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ON April 21, Lockdown Cinema, a loose organization devoted to raising funds for displaced movie workers, ran a two-hour live streaming of tributes to National Artist Ishmael Bernal’s Himala. Dubbed Gabi ng Himala, it featured, among others, re-enactments of the more memorable scenes of Bernal and screenwriter Ricky Lee. There are hits, and there are misses. More of the latter. Whoever thought of putting in and directing Nadine Ilustre and Marian Rivera to re-interpret Nora Aunor’s Elsa should be made to explain to the schoolmaster why they thought they could tinker with a masterpiece. Ano ba?
IT’S a pas de deux on air. Two men attracted to each other climb up a silky white cloth mounted on the proscenium’s battens, and they slide and slither until they reach the heights of libidinal pleasures. Lust evolved to love but the commitments that were forged soon teeter on a precipice as they battle the human immunodeficiency virus or HIV now lodged in their bodies.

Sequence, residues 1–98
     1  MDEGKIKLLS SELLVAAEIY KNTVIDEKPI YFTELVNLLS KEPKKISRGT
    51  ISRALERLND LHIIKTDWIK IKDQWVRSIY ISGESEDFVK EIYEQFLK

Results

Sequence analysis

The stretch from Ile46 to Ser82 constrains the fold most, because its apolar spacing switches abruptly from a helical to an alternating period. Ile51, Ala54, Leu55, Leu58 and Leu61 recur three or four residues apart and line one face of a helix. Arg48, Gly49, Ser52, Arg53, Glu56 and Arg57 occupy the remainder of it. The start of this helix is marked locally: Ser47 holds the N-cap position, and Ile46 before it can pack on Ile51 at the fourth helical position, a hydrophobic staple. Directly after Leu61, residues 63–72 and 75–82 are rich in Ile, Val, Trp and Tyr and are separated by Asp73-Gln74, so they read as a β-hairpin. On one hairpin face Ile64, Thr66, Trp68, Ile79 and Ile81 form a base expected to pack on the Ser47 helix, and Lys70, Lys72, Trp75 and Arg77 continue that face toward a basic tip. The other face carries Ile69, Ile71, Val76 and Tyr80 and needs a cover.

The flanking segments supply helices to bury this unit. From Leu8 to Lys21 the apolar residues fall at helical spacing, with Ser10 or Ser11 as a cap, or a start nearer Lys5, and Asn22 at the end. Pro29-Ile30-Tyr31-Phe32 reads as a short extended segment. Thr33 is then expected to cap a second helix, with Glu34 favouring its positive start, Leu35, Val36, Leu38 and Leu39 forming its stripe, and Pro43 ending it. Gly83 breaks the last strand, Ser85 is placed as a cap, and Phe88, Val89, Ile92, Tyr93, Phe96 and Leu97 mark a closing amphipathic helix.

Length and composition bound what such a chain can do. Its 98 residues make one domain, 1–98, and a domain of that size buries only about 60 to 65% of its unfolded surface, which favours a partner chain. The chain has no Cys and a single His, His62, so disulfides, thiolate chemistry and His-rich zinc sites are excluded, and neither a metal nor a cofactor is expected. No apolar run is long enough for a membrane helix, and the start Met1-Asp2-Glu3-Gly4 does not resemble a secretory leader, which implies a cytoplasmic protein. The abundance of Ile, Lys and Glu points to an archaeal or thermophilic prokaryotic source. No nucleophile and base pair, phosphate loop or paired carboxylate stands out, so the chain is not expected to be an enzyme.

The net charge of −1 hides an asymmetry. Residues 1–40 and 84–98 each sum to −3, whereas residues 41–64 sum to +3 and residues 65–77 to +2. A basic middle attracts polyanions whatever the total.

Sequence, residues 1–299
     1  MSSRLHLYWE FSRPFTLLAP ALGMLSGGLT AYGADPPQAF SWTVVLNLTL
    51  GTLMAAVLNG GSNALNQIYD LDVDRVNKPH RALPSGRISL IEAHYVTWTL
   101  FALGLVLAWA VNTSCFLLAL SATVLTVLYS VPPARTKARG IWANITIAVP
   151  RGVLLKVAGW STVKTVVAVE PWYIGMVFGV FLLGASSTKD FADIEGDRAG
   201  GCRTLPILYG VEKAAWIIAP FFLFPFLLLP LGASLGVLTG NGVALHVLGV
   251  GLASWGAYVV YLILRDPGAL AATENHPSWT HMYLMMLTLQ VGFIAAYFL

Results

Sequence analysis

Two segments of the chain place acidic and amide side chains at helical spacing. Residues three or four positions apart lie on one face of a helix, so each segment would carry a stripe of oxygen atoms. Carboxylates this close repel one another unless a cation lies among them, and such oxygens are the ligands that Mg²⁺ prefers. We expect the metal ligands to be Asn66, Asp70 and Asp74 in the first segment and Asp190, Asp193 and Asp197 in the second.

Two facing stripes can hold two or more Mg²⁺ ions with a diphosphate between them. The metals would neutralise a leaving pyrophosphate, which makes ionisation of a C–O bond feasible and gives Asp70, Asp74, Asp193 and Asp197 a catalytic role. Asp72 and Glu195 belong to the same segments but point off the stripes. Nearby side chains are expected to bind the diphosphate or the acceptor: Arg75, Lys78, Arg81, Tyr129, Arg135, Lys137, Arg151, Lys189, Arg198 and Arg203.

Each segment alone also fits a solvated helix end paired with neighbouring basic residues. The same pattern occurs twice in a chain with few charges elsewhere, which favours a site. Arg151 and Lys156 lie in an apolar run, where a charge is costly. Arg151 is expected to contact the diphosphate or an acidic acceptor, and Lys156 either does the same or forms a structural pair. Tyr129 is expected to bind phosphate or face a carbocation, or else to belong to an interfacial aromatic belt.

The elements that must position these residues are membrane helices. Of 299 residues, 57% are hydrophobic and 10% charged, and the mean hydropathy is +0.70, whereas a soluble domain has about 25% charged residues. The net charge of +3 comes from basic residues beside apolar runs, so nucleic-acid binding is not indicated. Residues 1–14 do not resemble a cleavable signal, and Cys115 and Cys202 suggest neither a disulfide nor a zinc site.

TWO EVENTS transpired on April 16 at the PETA Theater Center in Quezon City. The first was the performance of Mae Paner (a.k.a. Juana Change) of a four-part monodrama written by Maynard Manansala and directed by Ed Lacson. The second was the talkback — a forum that followed after the curtain call where the play’s lone actor, the playwright, informants, and sources of inspiration went up the stage to answer queries from the audience.
“CHAROT” is gay slang, one of the many fluid terms generated by popular lingo, often used as an interjection to express the flimsy nature of a statement and to which the appropriate response should be... charot, or char, its abbreviated expression. The word has permeated popular culture such that in television, radio, and social media, the term is used with impunity.
SHE GLIDES onto the stage, lithe and nimble, and randomly distributes what seem like rectangular flashcards to members of the audience. There are numbers and words written on those cards. She instructs them to hold on to those cards and remember the numbers and words written on them.